For years, scientists largely believed that the production of new brain cells in areas responsible for memory, emotion, and learning stopped after adolescence. This was not a comforting thought, and it lead to ideas that adults, as they age, were more susceptible to emotional instability, faulty memory, and poor ability to learn.
But now, the authors of a recent study report that new brain cells (neurons) continue to be produced in human adults and don’t decline with age. This discovery is good news for adults, and may help researchers find new ways to manage memory disorders and psychiatric challenges.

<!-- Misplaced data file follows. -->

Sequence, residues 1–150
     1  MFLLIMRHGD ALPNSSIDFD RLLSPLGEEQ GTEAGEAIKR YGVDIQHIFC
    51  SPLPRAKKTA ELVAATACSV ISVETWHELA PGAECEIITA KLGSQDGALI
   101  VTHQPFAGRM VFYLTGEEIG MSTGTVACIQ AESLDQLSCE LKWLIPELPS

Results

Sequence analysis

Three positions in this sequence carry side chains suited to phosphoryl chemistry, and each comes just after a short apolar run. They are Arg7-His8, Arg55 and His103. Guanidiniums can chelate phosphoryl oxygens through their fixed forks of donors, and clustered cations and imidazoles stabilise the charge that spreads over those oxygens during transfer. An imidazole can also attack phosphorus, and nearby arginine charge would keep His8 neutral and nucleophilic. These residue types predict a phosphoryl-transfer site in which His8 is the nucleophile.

Making New Brain Cells
According to the study’s first author, Maura Boldrini from Columbia University in New York, the presence of new brain cells and immature cells that can develop into mature ones in older adults “could mean that we need these neurons for our complex learning abilities and cognitive-behavioral responses to emotions.”
The study itself involved 28 males and females between the ages of 14 and 79 who were healthy before their deaths. Samples of the hippocampus (the area of the brain responsible for memory, emotions, and motivation) were collected within hours of their deaths and examined for signs of new neurons, including the formation of new blood vessels and the number of different cells in various stages of development.